Physician is part Jewish mystic, part gynecologist
TORONTO — In 1994, Dr. Alvin Pettle began to learn to disentangle himself from ego – no small feat for anyone, let alone a popular, in-demand physician.
He’s part Jewish mystic, part gynecologist, and all soul.
Alvie, as he’s known to his many friends and patients, has a deep love and respect for women, and his life and career reflect that.
His personal journey shifted in 1994 when he began yearning for something more. At the time, he was chief of obstetrics and gynecology at Etobicoke General Hospital in Toronto, where he had delivered more than 10,000 babies.
But one day, he suddenly walked out of the busy office he ran with his wife, Carol, a nurse, saying, “I need to go for a walk.”
He didn’t come back for six months.
Carol and Alvin headed to Sherwood Forest, a Toronto park that has become a place of healing during certain times of their lives, “We just sat there. And I listened to the deepest part of my soul,” he said.
Listening would be the key to his future. “When the student is ready, the teachers appear,” he said, quoting the Buddhist proverb. And they did, in the form of people and every book he could get his hands on.
Pettle said he felt a sense of renewal after his awakening, and he knew it was time to break away from traditional medicine and move into a more holistic approach.
“I could sense being told, ‘Now I’m going to show you how to really take care of women, and they will tell you what they need.’”
The fact that menopausal women were taking horse’s urine through hormone replacement therapy (HRT) didn’t make sense to him at all.
So the Canadian pioneer began to introduce bio-identical hormones to help women enter menopause. “Bio-ids” are made from botanical plants such as soy beans and yams. The human body can’t convert soy or yams directly into natural hormones, so the natural plants are pharmaceutically processed in a transdermal cream.
His medical knowledge and his passion to understand hormones allowed him to help women in ways he hadn’t been able to at the hospital. Now he’s spends more time talking to his patients.
“Now I ask questions I never dreamed of asking before, like, ‘Have you ever been abused?’” he said. “This is important information to gather for the well-being of my patients.”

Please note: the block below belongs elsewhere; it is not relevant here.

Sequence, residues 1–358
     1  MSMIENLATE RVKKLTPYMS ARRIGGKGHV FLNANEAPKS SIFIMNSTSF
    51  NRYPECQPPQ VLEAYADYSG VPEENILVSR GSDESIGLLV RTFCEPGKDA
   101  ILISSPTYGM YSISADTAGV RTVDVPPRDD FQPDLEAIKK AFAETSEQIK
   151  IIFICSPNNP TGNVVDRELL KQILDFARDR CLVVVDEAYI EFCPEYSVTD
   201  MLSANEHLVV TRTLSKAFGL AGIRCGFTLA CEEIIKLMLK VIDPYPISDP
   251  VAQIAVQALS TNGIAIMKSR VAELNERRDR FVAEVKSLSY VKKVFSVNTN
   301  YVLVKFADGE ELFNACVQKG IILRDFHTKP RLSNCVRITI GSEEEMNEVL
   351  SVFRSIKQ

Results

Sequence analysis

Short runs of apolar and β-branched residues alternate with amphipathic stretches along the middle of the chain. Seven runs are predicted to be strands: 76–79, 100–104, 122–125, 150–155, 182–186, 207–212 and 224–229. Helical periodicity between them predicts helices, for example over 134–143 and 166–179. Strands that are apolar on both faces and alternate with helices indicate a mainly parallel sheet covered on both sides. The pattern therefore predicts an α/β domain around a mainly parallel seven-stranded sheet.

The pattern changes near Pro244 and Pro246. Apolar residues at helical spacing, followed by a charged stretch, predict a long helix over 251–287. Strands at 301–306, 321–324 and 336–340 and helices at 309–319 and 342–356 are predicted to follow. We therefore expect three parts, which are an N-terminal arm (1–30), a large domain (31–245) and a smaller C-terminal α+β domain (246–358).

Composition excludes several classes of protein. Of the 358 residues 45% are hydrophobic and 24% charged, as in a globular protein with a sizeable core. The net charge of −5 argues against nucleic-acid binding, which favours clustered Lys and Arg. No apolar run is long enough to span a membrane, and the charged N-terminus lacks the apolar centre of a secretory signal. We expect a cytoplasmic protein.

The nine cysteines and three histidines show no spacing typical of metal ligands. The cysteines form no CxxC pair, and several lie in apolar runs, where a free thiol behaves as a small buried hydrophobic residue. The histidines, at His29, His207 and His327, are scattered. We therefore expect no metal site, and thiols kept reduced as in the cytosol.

Pettle started to write prescriptions and figure things out. “I realized that some allopathic doctors are stubborn, educated by drug companies. Oh, God bless the drug companies, they do a lot of good, but they don’t do [plant-based] hormones.”
In the ’90s, Pettle, as well as others in the medical community, said that “women must stop swallowing synthetic estrogen and stop taking synthetic hormones.”
That was a risky move for the renegade doctor who was told to watch his back.
He recalled that fellow doctors contacted him, asking, “Alvie, what’s wrong with you?”
To which he replied, “I’m trying to help women. We need to re-think this.”
A young professor wrote him a note, asking, “How could you prescribe bio-identical progesterone to a woman without a uterus?”
Pettle replied, “You forgot she has breasts and organs that receive progesterone as well.”
Although he doesn’t take credit for it, Pettle’s paradigm shift led to a sea change in the thinking of the medical community in which he was working. That took courage.
He has co-written two books with Lorna Vanderhaeghe, A Smart Woman’s Guide to Hormones and Sexy Hormones. He’s currently writing a book called What Women Have Taught Me.
“Women have taught me a lot, not the least of which is that it’s time to turn our society from a patriarchal one to a matriarchal one,” he said.
“Under our patriarchal society, there’s too much testosterone. None of us would be here if weren’t for women. It’s time we begin looking into each other’s eyes with a mutual respect.
“When people have respect for each other, magic happens.”
At 66, Pettle said he feels better than he did at 35. Ever the philosopher, he muses, “Life is about seeking the truth in everything we do, and following your heart for the answers.”
Pettle followed his heart all the way, as he puts it, from “self-destructing, moving too fast in the world of 24/7 medicine” to finding his place and peace among the women he clearly loves.